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  • Volume 73 , Number 3
  • Page: 216–8
EDITORIAL

Comments on WHO/AFRO's "Post-Elimination" strategy paper: a new bottle with old wine of the "Final Push"

Baohong Ji






We are told that after 2005 we will enter a new, "post-elimination" era, during which leprosy cases will be rare. It is understandable that a new era requires a new strategy, which is why WHO/AFRO is circulating a strategy paper, which will be discussed at the AFRO annual meeting on leprosy, to be held from 27th to 29th June 2005 in Brazzaville, by the leprosy program managers of the WHO African region, and by the representatives of international non-governmental organizations. Nevertheless, the strategy is not really new; in fact, it does not differ substantially from the "Final Push" strategy. It remains "elimination"-oriented, and the quality of leprosy services continues to be ignored.

 

MY COMMENTS

1. The WHO/AFRO strategy misses a golden opportunity to re-define the priorities of leprosy control programs.

During the "elimination" era, the only priority was achieving the elimination target by bringing down the prevalence rate at any price. Hence, a number of simplified techniques for diagnosis and treatment of leprosy were implemented intensively, without paying adequate attention to quality control. At the same time, many essential activities - e.g., prevention of disability - were completely neglected in the field, primarily because these activities were unrelated to the prevalence. As a consequence, the quality of leprosy services was poor and achievement of the final goal of leprosy control was jeopardized. Now, in the "postelimination" era, because political pressure to achieve the elimination target is diminished, the leprosy programs could, and should re-define the priorities of the activities, by focusing on quality of diagnosis and treatment and prevention of disability. Although the title of the strategy paper includes the phrase "to maintain the quality of leprosy services," the relevant paragraphs in the text are extremely sloppy and vague, and fail to suggest concrete actions (see 5.2.2 and 5.2.3). "Prevention of disabilities" is mentioned only once (p. 3), but without details; one might therefore wonder how seriously the strategy deals with the issue of quality.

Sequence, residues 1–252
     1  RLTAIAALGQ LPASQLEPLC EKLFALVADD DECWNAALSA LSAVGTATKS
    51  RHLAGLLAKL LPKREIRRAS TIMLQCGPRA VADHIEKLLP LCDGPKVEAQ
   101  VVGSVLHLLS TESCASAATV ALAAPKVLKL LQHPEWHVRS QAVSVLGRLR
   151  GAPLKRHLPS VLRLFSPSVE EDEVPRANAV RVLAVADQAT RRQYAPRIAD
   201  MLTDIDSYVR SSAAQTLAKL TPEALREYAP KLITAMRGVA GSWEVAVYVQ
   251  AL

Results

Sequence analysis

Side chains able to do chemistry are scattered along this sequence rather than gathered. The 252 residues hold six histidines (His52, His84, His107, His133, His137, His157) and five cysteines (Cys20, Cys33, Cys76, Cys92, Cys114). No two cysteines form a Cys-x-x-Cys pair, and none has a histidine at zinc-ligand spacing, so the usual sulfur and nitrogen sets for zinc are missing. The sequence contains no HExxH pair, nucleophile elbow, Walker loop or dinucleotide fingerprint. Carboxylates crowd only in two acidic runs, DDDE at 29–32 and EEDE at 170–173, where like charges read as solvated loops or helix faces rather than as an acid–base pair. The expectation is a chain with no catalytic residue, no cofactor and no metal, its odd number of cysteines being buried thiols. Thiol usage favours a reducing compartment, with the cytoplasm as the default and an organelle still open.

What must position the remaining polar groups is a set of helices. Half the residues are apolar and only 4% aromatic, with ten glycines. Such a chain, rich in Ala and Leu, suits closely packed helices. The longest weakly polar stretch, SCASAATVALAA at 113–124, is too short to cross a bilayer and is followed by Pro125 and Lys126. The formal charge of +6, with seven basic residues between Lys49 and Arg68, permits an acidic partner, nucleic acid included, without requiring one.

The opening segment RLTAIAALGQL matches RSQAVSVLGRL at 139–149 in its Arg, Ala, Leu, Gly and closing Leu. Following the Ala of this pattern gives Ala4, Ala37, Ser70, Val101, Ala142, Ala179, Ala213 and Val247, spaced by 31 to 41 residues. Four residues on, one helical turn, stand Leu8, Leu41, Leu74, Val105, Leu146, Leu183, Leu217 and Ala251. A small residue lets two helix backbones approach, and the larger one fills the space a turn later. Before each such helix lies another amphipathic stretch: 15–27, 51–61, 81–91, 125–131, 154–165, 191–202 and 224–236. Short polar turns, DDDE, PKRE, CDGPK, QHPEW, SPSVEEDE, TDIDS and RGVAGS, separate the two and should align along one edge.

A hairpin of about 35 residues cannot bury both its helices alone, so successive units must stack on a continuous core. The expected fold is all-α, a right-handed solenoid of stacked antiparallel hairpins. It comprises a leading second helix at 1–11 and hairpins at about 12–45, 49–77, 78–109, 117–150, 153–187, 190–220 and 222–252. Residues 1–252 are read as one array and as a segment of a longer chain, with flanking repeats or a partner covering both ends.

2. The strategy paper stubbornly upholds the poorly-justified technical policies that have already damaged the quality of leprosy services during the "elimination" era.

  • The strategy paper over-estimates the sensitivity with which leprosy can be diagnosed using only clinical criteria, and under-estimates the important role of the skin-smear (see 5.2.1) in the diagnosis of smear-positive MB leprosy patients and relapsed MB patients, who represent the major sources of leprosy infection in the community. Apparently, the authors of the strategy paper do not understand that a significant proportion of smear-positive MB patients (especially those close to the lepromatous end of the spectrum), and the great majority of relapsed MB patients cannot be diagnosed without skin-smears; the strategy paper therefore fails to recommend re-introduction of skin-smear service in the field.
  • Supervised administration (or directly observed treatment) of the monthly component of MDT regimens is an important element of the multi-drug therapy for leprosy, which ensures that the patients take the right drugs, in the right doses, at the right intervals. However, the strategy paper continues to ignore the supervised administration of the monthly component of MDT regimens by promoting "flexible MDT," especially so-called "accompanied MDT" or "self-supervision" (which is, in fact, no supervision) (see 5.2.8). The recommendation that the patient who has received the total amount of MDT drugs at the beginning of treatment and "who is not seen in a health facility at the end of his treatment should be considered as having no concern on his condition and being cured" (original phrase in 5.2.8) is ridiculous; it is virtually the same as declaring that the patient is cured at the time he receives the total amount of MDT drugs.
  • Relapse and emergence of drug resistance are the most serious outcomes of poor treatment in any large-scale treatment campaign including MDT for leprosy, and all efforts should therefore be made to prevent or reduce their occurrence. Surprisingly, the strategy paper omits any mention of detection and prevention of relapse after MDT and emergence of rifampicin-resistant leprosy, as if these phenomena have not been encountered and will not occur; such a blindly optimistic attitude is an invitation to disaster.